One more challenge for physicians in the 21st century is addressing the quandary emerging over the concept of medical professionalism within an evolving healthcare system. At the heart of this debate is the conflict between the traditional Hippocratic ideal of clinical loyalty to individual patients and the broader managed care focus on the health of entire populations. Given this disparity, how do physicians rationalize the concept of medical professionalism with an industrial model of medicine and make it relevant for contemporary healthcare delivery?
The terms of the contract between physicians and their patients are defined by medical ethics, while the enforcement of the contract is assured through professional accountability.
The medical ethics component of professionalism is far too complex a topic to address here. However, the medical professionals bound by this social contract must be monitored for observing whatever behavior is deemed ethical at the time.
Such accountability lies at the very core of any profession, and the responsibility for that accountability must be clearly and effectively established.
Physicians have clearly expressed their dissatisfaction with any external responsibility for this accountability imposed by insurance companies and managed care organizations. Indeed, a study published in the March issue of theJournal of the American Medical Association found that 81% of surveyed physicians believe that changes in the healthcare system over the past 10 years have diminished their accountability to their patients.
On the other hand, physician preference for such accountability is merely a return to the self-regulation that has been woefully ineffective in the past.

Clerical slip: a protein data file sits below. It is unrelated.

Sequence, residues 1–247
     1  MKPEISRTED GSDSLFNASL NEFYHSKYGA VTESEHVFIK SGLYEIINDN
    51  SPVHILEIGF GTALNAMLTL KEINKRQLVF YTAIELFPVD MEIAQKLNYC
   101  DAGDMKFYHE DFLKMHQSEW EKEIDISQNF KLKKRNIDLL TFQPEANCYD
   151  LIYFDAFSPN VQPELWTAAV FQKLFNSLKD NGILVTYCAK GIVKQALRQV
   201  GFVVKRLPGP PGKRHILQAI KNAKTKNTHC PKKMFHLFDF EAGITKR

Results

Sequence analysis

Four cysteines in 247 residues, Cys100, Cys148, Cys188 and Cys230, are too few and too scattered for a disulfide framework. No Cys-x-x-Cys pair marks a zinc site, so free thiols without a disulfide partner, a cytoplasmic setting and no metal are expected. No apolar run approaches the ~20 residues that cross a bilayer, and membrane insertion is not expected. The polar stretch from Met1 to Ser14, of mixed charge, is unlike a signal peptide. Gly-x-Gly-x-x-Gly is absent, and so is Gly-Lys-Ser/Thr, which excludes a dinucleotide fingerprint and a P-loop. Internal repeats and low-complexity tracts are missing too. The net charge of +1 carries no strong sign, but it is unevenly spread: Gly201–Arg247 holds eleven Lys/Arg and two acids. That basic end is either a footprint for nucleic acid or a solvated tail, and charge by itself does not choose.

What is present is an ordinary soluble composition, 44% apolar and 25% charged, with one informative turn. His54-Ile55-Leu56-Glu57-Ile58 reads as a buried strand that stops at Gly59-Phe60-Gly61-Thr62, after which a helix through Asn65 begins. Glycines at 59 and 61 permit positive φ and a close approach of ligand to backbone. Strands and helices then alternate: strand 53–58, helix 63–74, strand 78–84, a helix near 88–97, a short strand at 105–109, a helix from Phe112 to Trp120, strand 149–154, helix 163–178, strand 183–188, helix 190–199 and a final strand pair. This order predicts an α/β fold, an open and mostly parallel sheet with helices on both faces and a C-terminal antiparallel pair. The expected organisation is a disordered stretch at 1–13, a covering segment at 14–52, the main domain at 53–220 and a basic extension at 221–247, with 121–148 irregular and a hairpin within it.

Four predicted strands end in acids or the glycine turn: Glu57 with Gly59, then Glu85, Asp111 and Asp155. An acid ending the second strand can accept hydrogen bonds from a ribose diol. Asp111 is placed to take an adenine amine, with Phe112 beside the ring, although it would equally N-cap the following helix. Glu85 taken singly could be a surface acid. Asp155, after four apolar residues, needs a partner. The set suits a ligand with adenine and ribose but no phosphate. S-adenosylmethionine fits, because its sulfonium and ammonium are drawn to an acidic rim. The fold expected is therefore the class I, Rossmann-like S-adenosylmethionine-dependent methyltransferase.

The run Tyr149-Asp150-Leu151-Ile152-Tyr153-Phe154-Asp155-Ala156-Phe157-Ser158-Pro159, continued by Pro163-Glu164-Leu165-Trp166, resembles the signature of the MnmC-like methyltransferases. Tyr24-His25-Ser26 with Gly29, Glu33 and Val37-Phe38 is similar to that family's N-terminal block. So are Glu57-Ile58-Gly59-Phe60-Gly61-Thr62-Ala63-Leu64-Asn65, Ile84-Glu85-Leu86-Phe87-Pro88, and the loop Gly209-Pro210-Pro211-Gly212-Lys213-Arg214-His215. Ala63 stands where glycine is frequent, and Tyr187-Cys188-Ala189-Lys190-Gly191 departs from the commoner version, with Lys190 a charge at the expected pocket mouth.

State licensing boards, hospital medical staffs and peer review organizations have been reluctant to discipline anything less than the most egregious physician conduct. Yet on an individual basis physicians may ignore advances in clinical practice; abuse drugs and alcohol; overstep professional boundaries in physician-patient conduct; succumb to the financial temptations of fee-for-service reimbursement; or defraud third party payers in their billing and coding practices.
Therein lies the challenge for medical professionalism in the future, since neither self-regulation nor external accountability has resulted in the desired professional behavior. However, by virtue of being a profession, self-regulation is presumed, since everyone outside that profession lacks the knowledge or experience to do it appropriately. While that was certainly well demonstrated by the failed attempts of managed care to regulate physician behavior, what options for self-regulation remain?
The problems with self-regulation result from placing responsibility for behavioral accountability with individual physicians. Obviously, expecting each physician to be responsible for his or her own behavior is inadequate because not all physicians accept such responsibility. Even when placing the responsibility with groups of physicians, like medical staff committees or peer review organizations, many physician members function from an individual perspective, while each maintains personal liability for their own decisions.